Preparation is the key to fruitful cooperation. Setting everything up right from the get-go significantly reduces the workload as your project evolves.
Getting everyone on board
Before work on your outsourced project commences, you need to make sure everyone’s on the same page regarding all the project requirements. To that end, client onboarding is an indispensable step.
During the onboarding process, both sides detail the conditions of their partnership, establishing the right course of action and setting expectations. No outsourcing project should begin without thorough onboarding.
The importance of client onboarding in the outsourcing process
Cooperation with your outsourcing partner will go smoothly from day one if your onboarding process is both comprehensive and flexible. It lets your partner know exactly what to expect from you and your company, strengthening your work relationship and making it much easier to establish the logistics, budget, and timeline of your project.
Having said that, there’s no one-size-fits-all method to successful onboarding. Make your process bespoke and take into account everything you want your partner to know.
Consider how you’ll handle the budget and paperwork, how long you want the onboarding to take, and all the remaining formalities with that specific partner in mind.
What to discuss during onboarding?
How much ground you should cover throughout the onboarding process largely depends on the degree to which you’re going to be relying on your outsourced team and whether they’re going to be starting work from scratch.
Especially in the latter case, it really pays off to include the software house you’re partnering up with in the design process. This will allow you to come up with better solutions together.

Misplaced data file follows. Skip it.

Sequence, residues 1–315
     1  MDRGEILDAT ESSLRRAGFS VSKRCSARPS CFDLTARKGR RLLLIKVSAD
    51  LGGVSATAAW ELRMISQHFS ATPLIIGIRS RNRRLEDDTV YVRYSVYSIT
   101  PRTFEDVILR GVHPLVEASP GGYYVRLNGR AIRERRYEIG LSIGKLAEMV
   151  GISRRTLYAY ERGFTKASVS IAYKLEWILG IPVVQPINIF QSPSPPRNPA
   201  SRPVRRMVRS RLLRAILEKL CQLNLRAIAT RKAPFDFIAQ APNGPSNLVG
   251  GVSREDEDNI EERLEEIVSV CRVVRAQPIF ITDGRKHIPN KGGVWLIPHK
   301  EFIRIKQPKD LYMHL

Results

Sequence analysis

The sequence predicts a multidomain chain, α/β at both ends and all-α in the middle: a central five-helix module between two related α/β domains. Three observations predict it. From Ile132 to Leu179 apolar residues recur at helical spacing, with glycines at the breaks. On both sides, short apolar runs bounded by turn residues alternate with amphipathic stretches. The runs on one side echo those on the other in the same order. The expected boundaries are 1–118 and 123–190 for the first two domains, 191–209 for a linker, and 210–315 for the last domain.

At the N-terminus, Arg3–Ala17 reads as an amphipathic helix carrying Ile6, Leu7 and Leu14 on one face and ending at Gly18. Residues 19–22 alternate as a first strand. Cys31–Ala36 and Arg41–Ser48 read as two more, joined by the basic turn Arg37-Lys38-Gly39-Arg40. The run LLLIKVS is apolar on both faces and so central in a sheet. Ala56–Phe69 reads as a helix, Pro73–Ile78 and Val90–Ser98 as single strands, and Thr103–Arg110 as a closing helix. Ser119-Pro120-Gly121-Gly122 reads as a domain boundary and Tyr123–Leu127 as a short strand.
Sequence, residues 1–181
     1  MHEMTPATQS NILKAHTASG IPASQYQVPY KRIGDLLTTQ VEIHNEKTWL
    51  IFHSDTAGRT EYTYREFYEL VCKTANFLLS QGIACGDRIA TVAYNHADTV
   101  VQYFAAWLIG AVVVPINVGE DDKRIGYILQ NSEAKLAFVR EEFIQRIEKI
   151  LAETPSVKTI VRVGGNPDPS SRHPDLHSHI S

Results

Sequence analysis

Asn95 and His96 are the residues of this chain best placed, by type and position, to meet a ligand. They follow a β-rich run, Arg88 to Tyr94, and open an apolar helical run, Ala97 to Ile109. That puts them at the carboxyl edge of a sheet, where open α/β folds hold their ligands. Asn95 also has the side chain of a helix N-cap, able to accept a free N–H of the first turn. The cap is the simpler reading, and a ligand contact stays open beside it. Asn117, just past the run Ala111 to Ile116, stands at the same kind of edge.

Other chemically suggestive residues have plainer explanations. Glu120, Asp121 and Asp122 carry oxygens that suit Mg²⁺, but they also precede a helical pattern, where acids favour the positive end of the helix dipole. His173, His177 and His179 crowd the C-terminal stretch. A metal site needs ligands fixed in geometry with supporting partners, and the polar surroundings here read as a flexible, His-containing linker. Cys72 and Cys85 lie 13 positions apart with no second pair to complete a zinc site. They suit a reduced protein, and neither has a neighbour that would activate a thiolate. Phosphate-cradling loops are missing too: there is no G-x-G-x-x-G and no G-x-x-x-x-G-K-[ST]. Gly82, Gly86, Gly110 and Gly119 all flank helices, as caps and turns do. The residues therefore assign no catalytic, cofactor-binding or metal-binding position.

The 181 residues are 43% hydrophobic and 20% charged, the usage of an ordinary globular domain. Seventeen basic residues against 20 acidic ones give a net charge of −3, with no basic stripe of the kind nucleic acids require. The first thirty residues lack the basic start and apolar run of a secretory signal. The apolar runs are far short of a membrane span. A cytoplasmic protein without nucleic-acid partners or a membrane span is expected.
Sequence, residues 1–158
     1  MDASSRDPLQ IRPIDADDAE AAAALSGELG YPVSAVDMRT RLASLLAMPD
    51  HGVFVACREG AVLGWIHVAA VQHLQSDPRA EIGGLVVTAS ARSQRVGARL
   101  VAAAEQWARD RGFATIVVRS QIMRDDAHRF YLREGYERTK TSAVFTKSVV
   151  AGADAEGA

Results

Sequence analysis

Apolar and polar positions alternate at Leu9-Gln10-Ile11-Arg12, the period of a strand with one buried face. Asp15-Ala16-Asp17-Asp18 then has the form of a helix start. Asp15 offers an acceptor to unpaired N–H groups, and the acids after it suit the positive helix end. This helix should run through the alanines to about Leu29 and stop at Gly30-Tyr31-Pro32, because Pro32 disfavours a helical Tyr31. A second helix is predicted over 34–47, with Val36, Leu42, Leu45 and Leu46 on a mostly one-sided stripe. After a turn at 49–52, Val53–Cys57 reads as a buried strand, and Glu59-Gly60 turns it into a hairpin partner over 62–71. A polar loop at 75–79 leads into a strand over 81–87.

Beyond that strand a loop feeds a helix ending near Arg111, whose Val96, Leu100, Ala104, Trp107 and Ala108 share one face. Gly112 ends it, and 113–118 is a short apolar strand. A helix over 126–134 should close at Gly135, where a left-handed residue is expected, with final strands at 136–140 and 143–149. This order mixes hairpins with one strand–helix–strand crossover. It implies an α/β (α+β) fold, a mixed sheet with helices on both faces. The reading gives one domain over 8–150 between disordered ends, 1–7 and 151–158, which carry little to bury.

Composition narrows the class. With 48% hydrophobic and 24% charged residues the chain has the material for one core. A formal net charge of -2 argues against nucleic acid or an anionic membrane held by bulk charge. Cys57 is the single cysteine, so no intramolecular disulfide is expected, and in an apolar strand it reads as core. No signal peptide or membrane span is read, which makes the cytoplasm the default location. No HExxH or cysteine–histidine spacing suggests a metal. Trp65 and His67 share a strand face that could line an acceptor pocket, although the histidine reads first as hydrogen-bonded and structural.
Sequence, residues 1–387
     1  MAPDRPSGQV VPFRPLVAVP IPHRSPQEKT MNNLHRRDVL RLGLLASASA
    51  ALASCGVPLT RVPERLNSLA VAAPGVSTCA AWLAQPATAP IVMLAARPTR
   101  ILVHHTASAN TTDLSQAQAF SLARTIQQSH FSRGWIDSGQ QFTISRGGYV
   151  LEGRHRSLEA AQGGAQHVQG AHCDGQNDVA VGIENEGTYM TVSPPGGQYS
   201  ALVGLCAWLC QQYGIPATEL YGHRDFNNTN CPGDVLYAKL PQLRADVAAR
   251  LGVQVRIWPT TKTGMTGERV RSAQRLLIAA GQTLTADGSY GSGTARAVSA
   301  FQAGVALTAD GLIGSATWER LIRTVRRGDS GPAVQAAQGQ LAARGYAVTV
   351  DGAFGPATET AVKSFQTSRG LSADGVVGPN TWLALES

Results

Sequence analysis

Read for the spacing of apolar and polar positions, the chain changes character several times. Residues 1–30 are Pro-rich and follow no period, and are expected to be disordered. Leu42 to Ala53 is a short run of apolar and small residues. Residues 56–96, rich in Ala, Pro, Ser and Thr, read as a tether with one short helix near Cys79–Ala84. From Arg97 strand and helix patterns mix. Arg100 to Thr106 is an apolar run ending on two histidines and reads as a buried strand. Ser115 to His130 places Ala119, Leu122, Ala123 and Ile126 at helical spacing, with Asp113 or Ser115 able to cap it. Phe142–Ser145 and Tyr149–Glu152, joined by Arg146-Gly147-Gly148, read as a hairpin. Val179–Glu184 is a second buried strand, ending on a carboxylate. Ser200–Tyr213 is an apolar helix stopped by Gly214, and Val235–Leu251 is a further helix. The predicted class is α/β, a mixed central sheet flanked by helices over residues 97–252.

How long should the onboarding process take?
Onboarding can take anywhere between a day and a couple of weeks. This depends entirely on the complexity of your project.
How to prepare for onboarding?
The goal of the onboarding process is for the team members to acquire all the information necessary to understand the goals of the project. Your job is to make sure they have everything they need.
Since you’re the client, you have the deciding voice on the general flow and structure of the project. You can make things considerably less chaotic by introducing the outsourcing partner to your company’s business context.
Any technical documentation you’re willing to share—backlog, source code, development environment automation—is welcome, since the extra data will make the job of your outsourcing partner much easier.
You should also be ready to address any concerns your own developers may have, if the outsourced software house serves as an extension of your in-house team. Tensions are not uncommon and it’s up to you to make sure the members of both teams manage to overcome any potential differences they may have and work together as a single entity.
A sound onboarding process is in the best interest of every single person working on your software project. For your outsourcing efforts to be effective, it is invaluable.
A degree of control
With outsourcing, you give up some of the control you normally have over an in-house team, but that doesn’t mean relinquishing all of it. Just because your team is far away doesn’t mean you can’t communicate with them to ensure that all your expectations and requirements are met to your satisfaction.
Here are some of the aspects you should pay attention to in order to properly manage your outsourced development team.
Levels of contact
Contact is the single most important tool for managing outsourced teams. You need to establish how closely you want to work with your team and how often you wish to communicate with them. We recommend staying in touch on a daily basis, although that really depends on the overall flow of your project.
There are five main means of contact you can choose from. Naturally, whether you opt for just one or even all of them is entirely up to you.
- Chat tools
Tools like Slack are perfect for frequent real-time communication.
- Catch-up calls
Usually lasting around 15 minutes, catch-up calls serve as quick progress updates.
- Backlog refinements
These are regular meetings meant to clear up any difficulties and evaluate new developments in the project.